AIl the performing arts institutions in this country have evolved from European models—except the theatre. As a means of presenting the symphonic literature of the past three centuries, we have developed appropriately large symphony orchestras capable of presenting the full range of that literature. The same is true for opera and ballet, both of which require large cadres of artists to prepare as well as present the repertoire. Simply because of the scope of this work, these disciplines require many artists to bring the work to fruition.
Our theatre, unlike the other disciplines, did not develop originally as a means of presenting the body of dramatic literature; rather, it evolved to produce a series of productions. Consequently, we do not have a long tradition of sheltering and nurturing our artists within institutions. Our directors by and large work from outside the institution, while in Europe even small theatres have large artistic complements because their role models are more complex. Our theatres started without those precedents.
The most pressing issue confronting the American theatre today is the relationship between the institutions and the artists that develop the work. It is certainly true that artistic structures have expanded over the roughly 25 years since the nonprofit theatre movement began. Ten years ago there was only a handful of literary managers across the country: at last count, there were close to 100. Five years ago there were only two or three full-time associate artistic directors; today there are nearly 50. This trend toward more institutional employment for directors and dramaturgs, however, has been accompanied by a slower growth in the number of new theatres in which freelance artists can work. It was, after all, the directors who 25 years ago caused the great explosion in American theatre by starting companies all over the country. For whatever reasons—and my guess is they are largely economic—directors today are not making their own places to work by starting new theatres. And today it is impossible for a director to make his or her living in the theatre on a freelance basis without any supplementary income.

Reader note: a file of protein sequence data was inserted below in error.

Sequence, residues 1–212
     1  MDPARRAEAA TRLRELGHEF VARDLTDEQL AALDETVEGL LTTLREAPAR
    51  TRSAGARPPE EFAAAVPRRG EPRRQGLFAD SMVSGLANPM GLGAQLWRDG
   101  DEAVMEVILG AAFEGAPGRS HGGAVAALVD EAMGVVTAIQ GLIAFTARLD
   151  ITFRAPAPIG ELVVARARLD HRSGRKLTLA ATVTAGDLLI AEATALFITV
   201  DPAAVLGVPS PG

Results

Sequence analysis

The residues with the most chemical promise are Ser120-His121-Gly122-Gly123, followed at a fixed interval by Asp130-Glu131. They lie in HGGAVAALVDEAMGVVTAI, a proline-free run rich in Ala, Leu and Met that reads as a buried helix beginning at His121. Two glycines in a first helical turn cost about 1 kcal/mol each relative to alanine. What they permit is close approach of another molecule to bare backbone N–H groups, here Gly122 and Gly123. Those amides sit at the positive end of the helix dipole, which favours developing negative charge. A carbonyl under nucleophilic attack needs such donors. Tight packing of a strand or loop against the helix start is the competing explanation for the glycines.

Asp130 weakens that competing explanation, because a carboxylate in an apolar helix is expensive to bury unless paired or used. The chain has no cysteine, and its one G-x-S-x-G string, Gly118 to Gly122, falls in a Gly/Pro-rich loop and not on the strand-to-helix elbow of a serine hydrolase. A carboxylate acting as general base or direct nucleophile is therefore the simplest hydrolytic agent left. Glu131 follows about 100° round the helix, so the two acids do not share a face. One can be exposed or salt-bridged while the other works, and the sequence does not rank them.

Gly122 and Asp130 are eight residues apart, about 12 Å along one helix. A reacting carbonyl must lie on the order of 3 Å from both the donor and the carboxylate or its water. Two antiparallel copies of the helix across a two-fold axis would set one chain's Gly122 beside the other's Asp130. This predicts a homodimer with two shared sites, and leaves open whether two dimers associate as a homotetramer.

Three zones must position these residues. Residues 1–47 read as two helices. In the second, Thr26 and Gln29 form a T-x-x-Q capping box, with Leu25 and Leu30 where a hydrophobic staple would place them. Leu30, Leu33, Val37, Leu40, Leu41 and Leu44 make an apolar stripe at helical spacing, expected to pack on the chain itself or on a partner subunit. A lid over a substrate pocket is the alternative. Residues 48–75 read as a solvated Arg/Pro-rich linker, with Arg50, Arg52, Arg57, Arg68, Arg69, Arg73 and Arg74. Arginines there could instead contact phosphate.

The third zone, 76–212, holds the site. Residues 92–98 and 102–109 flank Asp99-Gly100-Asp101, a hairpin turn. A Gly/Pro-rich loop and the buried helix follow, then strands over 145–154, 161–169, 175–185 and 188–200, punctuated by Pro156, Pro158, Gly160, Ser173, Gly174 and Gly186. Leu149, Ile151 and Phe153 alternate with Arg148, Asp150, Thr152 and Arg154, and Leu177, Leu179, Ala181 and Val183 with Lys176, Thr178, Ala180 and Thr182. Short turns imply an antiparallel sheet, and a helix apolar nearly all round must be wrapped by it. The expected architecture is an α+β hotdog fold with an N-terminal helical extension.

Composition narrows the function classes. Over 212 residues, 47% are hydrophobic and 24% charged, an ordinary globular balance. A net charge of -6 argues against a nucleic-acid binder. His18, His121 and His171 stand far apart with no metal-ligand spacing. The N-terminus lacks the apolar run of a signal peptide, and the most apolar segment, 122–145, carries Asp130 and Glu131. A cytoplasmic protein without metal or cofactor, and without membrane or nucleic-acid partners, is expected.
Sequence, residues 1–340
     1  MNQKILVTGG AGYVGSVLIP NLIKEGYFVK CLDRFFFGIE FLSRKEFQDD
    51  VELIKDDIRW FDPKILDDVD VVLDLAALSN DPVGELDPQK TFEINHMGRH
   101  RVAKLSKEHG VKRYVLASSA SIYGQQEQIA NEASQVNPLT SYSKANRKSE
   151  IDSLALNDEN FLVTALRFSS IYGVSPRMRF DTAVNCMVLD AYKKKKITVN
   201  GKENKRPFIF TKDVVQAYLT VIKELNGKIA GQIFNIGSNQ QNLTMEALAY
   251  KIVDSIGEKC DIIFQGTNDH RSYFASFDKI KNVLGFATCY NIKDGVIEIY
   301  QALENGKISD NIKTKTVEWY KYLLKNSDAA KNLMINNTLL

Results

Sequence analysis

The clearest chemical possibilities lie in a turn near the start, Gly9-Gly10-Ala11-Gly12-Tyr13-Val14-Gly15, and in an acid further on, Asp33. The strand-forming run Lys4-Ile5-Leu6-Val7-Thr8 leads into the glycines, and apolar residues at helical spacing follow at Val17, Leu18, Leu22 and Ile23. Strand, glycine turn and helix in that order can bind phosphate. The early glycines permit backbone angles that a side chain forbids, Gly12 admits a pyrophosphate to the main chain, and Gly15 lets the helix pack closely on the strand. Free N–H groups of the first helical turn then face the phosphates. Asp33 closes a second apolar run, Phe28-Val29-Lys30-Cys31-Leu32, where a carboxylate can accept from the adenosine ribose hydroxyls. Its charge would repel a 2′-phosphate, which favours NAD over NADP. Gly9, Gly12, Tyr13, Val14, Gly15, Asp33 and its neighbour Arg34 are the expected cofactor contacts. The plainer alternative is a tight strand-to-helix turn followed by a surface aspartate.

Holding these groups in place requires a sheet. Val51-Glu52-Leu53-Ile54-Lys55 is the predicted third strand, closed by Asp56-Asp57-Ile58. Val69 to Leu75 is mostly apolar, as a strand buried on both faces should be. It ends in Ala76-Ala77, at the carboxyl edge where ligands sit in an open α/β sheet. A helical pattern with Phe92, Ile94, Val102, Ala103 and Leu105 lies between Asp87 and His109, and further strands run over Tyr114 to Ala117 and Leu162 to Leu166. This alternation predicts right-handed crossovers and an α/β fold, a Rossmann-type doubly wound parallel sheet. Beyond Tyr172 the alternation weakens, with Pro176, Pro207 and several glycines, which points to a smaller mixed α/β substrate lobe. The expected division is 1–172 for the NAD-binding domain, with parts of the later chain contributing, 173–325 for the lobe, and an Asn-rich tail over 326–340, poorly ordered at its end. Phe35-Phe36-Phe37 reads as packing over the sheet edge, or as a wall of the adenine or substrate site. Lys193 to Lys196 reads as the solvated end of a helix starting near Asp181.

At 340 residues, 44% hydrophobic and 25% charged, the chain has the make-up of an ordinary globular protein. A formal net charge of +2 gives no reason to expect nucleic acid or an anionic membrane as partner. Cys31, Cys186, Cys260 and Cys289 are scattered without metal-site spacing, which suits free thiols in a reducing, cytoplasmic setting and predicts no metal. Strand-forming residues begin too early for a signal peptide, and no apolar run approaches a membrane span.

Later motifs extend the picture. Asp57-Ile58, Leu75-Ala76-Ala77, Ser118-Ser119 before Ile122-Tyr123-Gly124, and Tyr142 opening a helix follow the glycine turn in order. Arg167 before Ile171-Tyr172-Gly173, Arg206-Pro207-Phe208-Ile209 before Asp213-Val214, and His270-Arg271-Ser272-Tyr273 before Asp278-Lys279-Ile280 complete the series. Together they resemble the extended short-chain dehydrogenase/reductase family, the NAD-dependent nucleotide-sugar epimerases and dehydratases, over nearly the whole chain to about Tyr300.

A portent toward a fresh solution to this problem is the adopting of a continuing—but not necessarily continuous—relationship between artists and institutions. By developing a category of associate artists, theatres like Center Stage in Baltimore and Chicago’s Goodman Theatre have developed structures that create a larger “family” by providing retainer fees—ongoing, but not exclusive, relationships between those theatres and directors, playwrights and designers. Through this simple method, theatres invest in the artists and the artists are provided with a creative base. Theatres are still able to benefit from the participation of a wider range of artists, but at the same time have many of the advantages of a full complement of staff artists, which they might otherwise not be able to afford on a full-time basis.
Not all theatres, nor all directors and designers, can—or should—emulate this model. But it is an example of what, one hopes, is one of many l creative new ways the theatre will find to improve the climate in which artists work. We should not forget how fast conditions can change once needs are comprehended. The O’Neill Theater Center started because there was no mechanism for new play development within the structure of the burgeoning theatres. Now, 25 years later, thanks to the leadership of the O’Neill and others, many theatres have developed both literary departments and any number of ways to work with playwrights on a continuing basis. The relationship of playwrights to theatres has changed radically; we now need to find creative solutions to assist in both the development and support of freelance directors and designers to end their isolation and create the climate for our theatre to grow and prosper.
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